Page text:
By CityLife Arts Writer
This must have rated as one if not the most active marquee at the Human Rights Festival at Con Hill on Saturday. The dancers and singers were on stage, but the audience seemed to be also performing on the dance floor, making both the stage and the dance floor to be one and the same thing. There was some much excitement on both the sage and the dance floor when I went there after taking a tour of the precinct where other festivities were taking place.
Though the place is expansive and a lot of activities were taking place around it at the same time around 2pm, it did not take me much thinking to figure out where the Uzwano Hip Hop Festival was. I heard the screaming by the audience and the hip hop lyrics by those on stage to turn around and headed there.
Mostly teenagers who were having fun enjoying performances by their peers from the neighbourhood in the flatland suburb of Hillbrow, these kids clearly had so much fun and there was no single sight of anyone imbibing alcohol, often a curse at such festivals. This one was different and cool. I went around and spotted others busy painting a mural as others were performing and the rest, the audience were shouting encouragement to their peers on stage.
It was one festival where you felt like you should have been their age, had the same attitude of how to have fun and most importantly you still had the energy they displayed both on stage and on the dance floor as well as on canvas. This is because this Hip Hop festival was conceptualised as multi-disciplinary –performances, graffiti and workshops, all happening at the same time.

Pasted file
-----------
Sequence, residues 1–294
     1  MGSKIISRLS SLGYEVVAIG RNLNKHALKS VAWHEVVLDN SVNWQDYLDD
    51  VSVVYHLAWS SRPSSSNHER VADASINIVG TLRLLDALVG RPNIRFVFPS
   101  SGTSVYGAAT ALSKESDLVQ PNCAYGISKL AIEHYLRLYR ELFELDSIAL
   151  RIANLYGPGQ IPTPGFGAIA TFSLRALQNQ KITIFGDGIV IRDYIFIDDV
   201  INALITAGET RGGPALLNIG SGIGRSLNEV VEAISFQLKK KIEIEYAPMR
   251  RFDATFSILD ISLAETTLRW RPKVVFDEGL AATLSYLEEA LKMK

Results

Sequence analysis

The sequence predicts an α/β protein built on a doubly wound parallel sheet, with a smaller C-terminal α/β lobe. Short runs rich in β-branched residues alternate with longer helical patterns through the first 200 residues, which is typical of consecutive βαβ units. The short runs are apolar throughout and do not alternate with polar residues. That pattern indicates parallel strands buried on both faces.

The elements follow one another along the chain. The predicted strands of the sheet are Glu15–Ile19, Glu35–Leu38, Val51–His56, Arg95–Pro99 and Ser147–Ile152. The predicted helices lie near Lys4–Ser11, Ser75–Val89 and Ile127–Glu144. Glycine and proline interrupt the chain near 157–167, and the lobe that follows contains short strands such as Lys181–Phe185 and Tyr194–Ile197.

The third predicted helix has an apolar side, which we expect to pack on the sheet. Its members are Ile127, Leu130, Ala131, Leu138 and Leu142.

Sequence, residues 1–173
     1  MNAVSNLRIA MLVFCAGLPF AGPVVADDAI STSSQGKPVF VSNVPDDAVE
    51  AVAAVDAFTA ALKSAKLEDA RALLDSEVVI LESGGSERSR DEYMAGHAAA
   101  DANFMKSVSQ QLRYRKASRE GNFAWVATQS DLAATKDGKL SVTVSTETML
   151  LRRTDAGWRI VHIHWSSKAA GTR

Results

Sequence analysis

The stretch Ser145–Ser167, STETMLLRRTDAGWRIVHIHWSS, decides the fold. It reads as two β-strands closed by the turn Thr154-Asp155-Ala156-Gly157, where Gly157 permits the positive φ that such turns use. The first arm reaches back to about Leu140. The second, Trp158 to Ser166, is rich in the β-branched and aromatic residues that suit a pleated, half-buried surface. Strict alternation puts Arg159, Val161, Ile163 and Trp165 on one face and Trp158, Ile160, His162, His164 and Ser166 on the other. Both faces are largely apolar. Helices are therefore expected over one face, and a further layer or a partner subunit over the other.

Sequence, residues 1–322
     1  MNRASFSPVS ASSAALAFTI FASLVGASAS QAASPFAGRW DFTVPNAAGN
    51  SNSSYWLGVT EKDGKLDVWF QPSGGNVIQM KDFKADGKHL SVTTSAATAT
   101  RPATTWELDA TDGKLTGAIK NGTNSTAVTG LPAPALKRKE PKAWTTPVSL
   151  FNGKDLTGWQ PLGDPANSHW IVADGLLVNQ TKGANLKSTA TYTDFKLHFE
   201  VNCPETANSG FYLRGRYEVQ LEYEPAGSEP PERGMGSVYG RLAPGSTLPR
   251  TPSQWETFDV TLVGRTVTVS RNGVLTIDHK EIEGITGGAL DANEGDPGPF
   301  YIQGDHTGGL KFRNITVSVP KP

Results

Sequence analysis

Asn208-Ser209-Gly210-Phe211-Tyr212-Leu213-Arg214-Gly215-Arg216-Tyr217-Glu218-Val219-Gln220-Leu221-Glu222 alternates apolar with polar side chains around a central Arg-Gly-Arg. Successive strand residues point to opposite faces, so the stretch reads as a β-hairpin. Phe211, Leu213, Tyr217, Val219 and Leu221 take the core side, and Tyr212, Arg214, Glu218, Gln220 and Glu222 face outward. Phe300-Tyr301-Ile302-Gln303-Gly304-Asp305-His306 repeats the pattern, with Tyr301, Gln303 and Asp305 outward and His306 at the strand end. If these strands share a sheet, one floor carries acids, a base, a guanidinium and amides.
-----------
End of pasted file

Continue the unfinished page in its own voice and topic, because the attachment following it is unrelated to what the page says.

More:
The kids were having so much fun that even when Zakwe a featured artist who belts out his lyrics in isiZulu’s performance was temporarily halted as members of Operation Dudula tried without success to disrupt the event, before they were booted out of the precinct escorted by SAPS, the kids continued as If nothing had happened. Zakwe came back on stage after 10 minutes and the festivities continued and there was more fun.
The organisations and institutions who put together this festival, that include Lefika La Phodiso, Windybrow Centre of the Arts, Flame Studios in association with the National Arts Council of South Africa, clearly thought this programme well, and the teenagers, both the spectators and the participating young artists had lots of fun.